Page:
I woke up this morning, with no prerogative other than 'north', and was highly surprised by the chill - the winds which had followed me up from the south, having hit in the middle of the night, brought with them cold that they hadn't had before. I didn't have all that much to do - not that I was going to get into, at any rate - but I decided all the same to sit out the coldest part of the morning. So it was a very late start, and I left still with the thermals on. Fuel 100km up the road, and they stayed on.

Having looked into the ks, the next necessary stop was fuel in Tennant Creek - there were of course many unnecessary ones along the way, that I had passed, or stopped at, on the way down. So I headed off at a stately 85kph - as slow as I can bear to ride, but meaning no fuel necessary for 300k +, rather than 200+ as would be at 140kph (speed limit + 10).

And so, for 317km, I sat, at 85kph, and that was that.

It's hard to describe the experience of a leg like that. It's magic country out here. I had the same experience riding southward, but decided to stop with the sun - though I felt like continuing through the night.

In the end, after nearly four hours, at around 3pm, I had hit the mid-afternoon fatigue patch and was glad to pull in. An hour earlier, though, I was calculating the distances to the rest stops, trying to work out where I could stop if I filled up at Tennant and jumped straight back onto the road south.

There's something magic about a day like today.

The country here is so beautiful, it's really incredible. The Macdonell ranges around Alice are too (just not the same sort of thing), the country around Uluru and Kata Tjuta (Olgas) though quite the opposite. To ride into the wide expanses of Mallee scrub, intermittent rocky ranges and outcrops, spinifex and grasses, wildflowers in the rocks beside the road. The same thing - through constant changes - for four hours of bliss, the best riding you could imagine.

But it's not the country. Or at least not just the country. It's the headspace that it brings on - it and all the other factors of the journey, myseriously colliding on two opposite journeys. On a trip like today's, it's not only the country that opens up - time itself opens up as wide as the broad red earth and the wide blue sky.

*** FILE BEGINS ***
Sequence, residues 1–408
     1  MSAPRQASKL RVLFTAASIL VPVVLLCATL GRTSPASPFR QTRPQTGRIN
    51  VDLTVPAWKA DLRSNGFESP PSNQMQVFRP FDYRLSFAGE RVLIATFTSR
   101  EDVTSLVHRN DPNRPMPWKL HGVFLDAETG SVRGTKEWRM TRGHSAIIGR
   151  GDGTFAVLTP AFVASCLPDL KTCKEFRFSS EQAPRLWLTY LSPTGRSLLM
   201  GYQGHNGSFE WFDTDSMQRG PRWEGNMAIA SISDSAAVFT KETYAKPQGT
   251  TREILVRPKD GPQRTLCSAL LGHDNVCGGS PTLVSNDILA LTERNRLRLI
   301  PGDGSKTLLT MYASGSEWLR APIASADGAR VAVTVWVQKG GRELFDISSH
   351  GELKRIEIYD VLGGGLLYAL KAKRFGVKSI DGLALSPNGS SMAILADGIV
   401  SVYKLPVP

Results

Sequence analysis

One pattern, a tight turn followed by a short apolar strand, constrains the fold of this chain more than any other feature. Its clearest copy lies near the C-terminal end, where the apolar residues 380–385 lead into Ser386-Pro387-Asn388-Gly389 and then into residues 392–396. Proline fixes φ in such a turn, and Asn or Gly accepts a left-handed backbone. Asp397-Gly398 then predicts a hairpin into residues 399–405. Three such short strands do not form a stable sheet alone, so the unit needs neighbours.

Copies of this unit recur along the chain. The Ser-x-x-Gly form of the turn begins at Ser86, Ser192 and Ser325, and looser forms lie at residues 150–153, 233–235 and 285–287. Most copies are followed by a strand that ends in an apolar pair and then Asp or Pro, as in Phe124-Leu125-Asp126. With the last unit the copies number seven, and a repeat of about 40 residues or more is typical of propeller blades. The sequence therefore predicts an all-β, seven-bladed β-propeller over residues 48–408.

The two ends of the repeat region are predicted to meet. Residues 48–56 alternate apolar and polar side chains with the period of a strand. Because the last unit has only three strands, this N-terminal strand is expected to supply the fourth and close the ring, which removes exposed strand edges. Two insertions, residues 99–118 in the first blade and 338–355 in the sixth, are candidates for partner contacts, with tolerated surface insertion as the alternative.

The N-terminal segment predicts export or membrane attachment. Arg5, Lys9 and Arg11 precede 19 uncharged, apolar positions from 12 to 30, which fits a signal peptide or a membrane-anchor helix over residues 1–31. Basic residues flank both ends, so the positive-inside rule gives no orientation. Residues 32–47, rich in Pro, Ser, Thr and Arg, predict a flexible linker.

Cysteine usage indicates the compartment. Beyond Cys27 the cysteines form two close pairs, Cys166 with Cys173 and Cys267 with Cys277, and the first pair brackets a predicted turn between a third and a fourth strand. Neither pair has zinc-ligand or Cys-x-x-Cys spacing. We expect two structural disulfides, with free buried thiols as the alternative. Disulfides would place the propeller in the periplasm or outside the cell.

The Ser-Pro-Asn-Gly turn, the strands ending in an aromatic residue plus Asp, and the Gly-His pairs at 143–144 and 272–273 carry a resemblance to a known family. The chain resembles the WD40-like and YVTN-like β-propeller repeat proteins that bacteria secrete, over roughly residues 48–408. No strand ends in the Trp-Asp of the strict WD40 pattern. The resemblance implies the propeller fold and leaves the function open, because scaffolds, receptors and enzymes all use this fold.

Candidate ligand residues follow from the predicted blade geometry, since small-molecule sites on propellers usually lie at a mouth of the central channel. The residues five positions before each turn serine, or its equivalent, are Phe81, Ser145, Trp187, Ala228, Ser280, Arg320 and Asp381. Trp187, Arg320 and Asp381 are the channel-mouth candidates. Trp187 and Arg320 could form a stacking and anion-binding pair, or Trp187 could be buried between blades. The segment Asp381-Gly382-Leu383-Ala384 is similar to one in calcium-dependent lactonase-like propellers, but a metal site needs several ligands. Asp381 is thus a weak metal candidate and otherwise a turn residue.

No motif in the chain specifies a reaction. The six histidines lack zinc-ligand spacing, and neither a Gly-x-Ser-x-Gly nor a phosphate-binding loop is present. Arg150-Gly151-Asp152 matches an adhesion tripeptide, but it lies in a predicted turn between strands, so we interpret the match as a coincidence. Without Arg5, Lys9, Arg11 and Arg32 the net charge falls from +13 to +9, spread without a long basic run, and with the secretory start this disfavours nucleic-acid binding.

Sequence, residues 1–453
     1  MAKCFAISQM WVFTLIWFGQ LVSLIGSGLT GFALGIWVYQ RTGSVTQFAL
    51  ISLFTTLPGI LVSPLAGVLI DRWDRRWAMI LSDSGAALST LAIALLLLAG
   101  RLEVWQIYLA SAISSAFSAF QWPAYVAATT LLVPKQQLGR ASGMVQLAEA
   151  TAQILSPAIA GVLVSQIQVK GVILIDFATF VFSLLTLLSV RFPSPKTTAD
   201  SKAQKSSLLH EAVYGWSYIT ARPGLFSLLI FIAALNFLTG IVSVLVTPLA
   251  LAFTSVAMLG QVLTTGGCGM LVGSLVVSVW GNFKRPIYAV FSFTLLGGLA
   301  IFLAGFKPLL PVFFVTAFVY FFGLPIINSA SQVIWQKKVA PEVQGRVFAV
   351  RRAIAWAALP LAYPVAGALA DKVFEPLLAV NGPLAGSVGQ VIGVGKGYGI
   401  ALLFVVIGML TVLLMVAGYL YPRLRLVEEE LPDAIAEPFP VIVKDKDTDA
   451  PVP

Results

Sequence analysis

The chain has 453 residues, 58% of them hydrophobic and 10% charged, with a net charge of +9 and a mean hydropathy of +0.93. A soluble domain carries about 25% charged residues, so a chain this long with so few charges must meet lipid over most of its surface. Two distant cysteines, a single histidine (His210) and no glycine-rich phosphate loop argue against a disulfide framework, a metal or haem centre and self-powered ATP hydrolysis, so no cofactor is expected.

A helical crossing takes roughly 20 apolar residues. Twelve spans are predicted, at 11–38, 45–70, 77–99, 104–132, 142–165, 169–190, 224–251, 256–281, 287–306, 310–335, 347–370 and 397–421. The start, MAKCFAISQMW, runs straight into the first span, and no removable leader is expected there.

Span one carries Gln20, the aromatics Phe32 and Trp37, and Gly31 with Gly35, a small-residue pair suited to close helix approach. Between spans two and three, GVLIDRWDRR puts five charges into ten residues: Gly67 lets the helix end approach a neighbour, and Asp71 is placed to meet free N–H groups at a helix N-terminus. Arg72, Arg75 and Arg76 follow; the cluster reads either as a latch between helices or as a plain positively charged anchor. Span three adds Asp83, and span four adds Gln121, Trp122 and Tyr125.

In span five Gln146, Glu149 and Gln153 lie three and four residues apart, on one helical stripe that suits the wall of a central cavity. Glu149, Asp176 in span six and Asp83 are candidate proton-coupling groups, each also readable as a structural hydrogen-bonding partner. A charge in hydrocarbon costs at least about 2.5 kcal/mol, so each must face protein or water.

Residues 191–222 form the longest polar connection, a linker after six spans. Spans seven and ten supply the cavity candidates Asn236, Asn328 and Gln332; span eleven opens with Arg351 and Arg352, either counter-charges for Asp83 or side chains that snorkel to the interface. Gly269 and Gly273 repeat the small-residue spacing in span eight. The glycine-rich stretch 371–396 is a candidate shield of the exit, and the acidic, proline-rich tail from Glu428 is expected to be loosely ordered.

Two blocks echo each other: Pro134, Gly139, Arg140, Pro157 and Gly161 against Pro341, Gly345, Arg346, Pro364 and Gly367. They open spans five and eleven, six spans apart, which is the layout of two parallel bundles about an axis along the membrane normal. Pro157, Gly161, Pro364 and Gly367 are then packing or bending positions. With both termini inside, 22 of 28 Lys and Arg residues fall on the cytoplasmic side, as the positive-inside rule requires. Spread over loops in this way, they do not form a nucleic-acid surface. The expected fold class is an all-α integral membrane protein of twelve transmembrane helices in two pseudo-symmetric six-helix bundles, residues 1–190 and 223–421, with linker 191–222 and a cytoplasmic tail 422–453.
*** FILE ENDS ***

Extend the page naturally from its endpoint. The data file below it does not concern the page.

There are times when you sit up, breathe out, and completely relax. If you weren't so awake with the moment, you'd simply fall asleep. There's a complete lack of stress, of fatigue, of all bodily and mental worries. They evaporate into the summer sun, or disperse across the dry floodplains of a gumtree 'swamp'.

It's only an 'external' factor, like the stars, a body clock or a fuel guage, that can interfere with the magic of a ride like today's.


Saturday, September 19, 2009

Alice: A Red Heart more than mere stones

ODO 88 500

Firstly, wow. Or as I've been finding myself gasping this afternoon - 'Wow. Fucken wow.'
Secondly, Alice rocks.

As you will read, or will have read, the Stuart Highway into Alice from the north is a great ride. Arriving in Alice itself though is no major spectacle. The rocky outcrops that dot the town, or jut out into 'the Gap', are peculiar, but far from spectacular. They're... rocky outcrops! It's when you head West (or perhaps East) that you realise the beauty of the Macdonell Ranges of which they are a part.

Now, I'm no rock man (normally a tree guy....), but the sheer geology of this place is astounding. There is more variation in 100km of the Macdonell's than in 1000km of Great Dividing Range. That impression might be as much due to the presentation - which if staged could only be described as impeccable, or better yet divine. This is the outback, and the only thing which is completely regular is the inclination of the road, so it might be misleading to think in terms of perfection and fallability.

Not far West out of Alice, as the valley opens up and the range bears itself to view you can see exactly why the Tjikurpa (Dreamtime) story ascribes the ranges to caterpillars. A bit further on you find yourself exclaiming 'now THAT is how to do a rocky outcrop!'. Then a eucalypt-lined 'river' bed, and before you know it you're turning off towards the national park.